More to the point, the hospital bylaws implicated here are not analogous to the procedural promises in the employee handbooks in Duldulao and Semerau. Unlike an employer who voluntarily issues employee handbooks, hospitals must, under the Illinois Administrative Code (the Code), adopt bylaws that ensure procedural safeguards for their staff members' clinical privileges. The Code required: "a) The medical staff shall be organized in accordance with written bylaws, rules and regulations, approved by the Governing Board. The bylaws, rules and regulations shall specifically provide ***: 1) establishing written procedures relating to *** clinical privileges disciplinary matters ***. *** ***
C) The procedure shall grant to current medical staff members at least: written notice of an adverse decision by the Governing Board; an explanation and reasons for an adverse decision; the right to examine and/or present copies of relevant information, if any, related to an adverse decision; an opportunity to appeal an adverse decision; and written notice of the decision resulting from the appeal." 77 Ill. Adm. Code §250.310(a)(1)(C) (eff. May 1, 1991).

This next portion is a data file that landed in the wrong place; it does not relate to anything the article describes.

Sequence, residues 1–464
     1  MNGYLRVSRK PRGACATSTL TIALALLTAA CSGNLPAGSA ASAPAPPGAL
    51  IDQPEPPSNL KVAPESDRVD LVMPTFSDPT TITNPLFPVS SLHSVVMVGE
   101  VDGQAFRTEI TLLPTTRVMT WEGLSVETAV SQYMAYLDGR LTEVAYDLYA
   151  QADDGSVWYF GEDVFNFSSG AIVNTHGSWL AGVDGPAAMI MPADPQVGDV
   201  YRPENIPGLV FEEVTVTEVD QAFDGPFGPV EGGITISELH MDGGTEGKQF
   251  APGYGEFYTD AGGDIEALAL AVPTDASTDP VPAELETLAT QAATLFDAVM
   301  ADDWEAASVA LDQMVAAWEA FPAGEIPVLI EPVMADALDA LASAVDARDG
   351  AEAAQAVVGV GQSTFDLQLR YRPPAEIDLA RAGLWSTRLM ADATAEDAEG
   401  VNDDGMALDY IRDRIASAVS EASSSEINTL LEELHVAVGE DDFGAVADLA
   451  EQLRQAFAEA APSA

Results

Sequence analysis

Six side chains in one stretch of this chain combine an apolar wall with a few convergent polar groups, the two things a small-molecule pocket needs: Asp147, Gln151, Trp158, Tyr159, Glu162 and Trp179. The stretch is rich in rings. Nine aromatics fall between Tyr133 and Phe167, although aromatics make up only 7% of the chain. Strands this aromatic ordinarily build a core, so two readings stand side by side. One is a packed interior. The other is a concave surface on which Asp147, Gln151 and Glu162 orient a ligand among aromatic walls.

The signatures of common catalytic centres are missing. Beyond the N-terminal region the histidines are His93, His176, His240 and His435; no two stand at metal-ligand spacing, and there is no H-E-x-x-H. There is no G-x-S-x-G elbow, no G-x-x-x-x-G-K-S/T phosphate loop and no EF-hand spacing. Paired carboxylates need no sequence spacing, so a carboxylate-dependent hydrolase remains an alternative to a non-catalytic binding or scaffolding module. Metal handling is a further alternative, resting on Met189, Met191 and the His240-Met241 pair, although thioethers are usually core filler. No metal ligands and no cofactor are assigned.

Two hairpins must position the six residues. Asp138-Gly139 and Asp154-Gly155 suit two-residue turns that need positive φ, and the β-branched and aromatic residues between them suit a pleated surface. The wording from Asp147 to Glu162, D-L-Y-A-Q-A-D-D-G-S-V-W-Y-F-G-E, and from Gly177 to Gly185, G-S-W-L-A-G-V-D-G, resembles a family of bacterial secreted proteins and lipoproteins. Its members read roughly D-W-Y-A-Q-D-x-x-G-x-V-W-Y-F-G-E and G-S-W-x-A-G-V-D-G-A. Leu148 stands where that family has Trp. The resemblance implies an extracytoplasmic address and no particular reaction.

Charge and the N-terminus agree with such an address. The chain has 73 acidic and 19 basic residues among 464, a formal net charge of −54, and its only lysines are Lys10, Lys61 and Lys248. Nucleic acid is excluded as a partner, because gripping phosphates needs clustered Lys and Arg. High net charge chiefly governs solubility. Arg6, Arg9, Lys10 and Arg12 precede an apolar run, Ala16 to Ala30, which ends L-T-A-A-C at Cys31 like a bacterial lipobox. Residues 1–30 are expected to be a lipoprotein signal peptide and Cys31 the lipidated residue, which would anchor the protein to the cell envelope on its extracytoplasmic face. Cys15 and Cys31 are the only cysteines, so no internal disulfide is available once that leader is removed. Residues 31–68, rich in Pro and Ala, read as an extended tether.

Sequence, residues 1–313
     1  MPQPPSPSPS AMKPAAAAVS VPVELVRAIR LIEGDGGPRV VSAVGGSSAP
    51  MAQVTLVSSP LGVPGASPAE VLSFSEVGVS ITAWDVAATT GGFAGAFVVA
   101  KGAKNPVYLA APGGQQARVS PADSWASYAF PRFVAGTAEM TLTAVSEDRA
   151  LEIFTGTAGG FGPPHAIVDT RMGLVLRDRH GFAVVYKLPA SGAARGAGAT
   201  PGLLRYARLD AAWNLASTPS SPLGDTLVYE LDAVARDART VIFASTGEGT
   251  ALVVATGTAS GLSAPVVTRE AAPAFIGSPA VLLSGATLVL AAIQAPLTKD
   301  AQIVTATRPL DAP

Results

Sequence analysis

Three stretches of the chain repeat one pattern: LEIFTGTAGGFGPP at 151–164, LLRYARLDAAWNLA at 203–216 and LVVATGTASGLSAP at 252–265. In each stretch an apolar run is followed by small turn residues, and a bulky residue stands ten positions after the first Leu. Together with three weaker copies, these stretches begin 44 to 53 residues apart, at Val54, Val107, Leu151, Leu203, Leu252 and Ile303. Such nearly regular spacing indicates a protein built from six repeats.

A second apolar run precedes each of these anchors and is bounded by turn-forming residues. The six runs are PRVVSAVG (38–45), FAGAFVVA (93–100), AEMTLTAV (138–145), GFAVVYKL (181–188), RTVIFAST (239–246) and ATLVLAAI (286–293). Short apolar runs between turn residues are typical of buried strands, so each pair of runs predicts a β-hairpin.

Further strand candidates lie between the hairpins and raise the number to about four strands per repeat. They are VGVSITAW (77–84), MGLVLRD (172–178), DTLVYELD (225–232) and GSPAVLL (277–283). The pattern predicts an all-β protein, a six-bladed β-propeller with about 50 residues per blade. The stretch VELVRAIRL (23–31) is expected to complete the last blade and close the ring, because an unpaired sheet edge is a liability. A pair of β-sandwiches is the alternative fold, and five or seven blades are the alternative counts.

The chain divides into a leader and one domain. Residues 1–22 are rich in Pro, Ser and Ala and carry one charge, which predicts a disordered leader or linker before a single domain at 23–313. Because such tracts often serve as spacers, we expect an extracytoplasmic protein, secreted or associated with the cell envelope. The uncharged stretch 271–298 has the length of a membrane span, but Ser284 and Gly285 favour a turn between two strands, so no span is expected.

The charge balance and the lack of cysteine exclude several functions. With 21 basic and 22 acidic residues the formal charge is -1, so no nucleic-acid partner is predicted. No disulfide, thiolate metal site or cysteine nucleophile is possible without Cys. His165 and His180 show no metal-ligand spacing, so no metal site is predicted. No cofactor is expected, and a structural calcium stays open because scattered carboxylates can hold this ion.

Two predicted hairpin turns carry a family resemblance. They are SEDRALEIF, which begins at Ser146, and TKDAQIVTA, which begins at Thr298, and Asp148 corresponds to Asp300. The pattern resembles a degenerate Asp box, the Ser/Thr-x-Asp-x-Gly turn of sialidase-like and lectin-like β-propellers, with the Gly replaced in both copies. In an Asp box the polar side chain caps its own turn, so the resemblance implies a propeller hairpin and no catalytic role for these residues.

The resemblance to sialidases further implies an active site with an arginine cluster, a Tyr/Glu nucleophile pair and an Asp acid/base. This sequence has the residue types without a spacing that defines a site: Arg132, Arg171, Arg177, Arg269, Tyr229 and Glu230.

Illinois cases have consistently upheld the rule of limited judicial review of hospital staff decisions because hospitals--unlike employers who voluntarily issue handbooks--must adopt bylaws in conformity with the Administrative Code. See Adkins, 129 Ill. 2d at 506; Tabora v. Gottlieb Memorial Hospital, 279 Ill. App. 3d 108, 116, 664 N.E.2d 267 (1996); Garibaldi I, 273 Ill. App. 3d at 540; Beasley v. St. Mary's Hospital, 200 Ill. App. 3d 1024, 1030, 558 N.E.2d 677 (1990); Carson v. Northwest Community Hospital, 192 Ill. App. 3d 118, 121, 548 N.E.2d 579 (1989); Knapp v. Palos Community Hospital, 176 Ill. App. 3d 1012, 1018, 531 N.E.2d 989 (1988); Lapidot v. Memorial Medical Center, 144 Ill. App. 3d 141, 146, 494 N.E.2d (1986). As we read these cases, the judicially created rule of deference to hospital governance decisions has developed because of the safeguards imposed on hospitals regulated by the state: the requirement that they adopt bylaws in conformity with the Administrative Code as a condition of licensing.
To honor the disclaimer in the hospital bylaws would undermine the policy of the Administrative Code and the power of the state to regulate hospitals. We find further support for the position that the hospital disclaimer is against public policy in the 1995 amendment to the Hospital Licensing Act, which statutorily adopted provisions similar to the Administrative Code. Section 2 of the Act was amended to read, in part:
"(b)The Illinois General Assembly finds: ***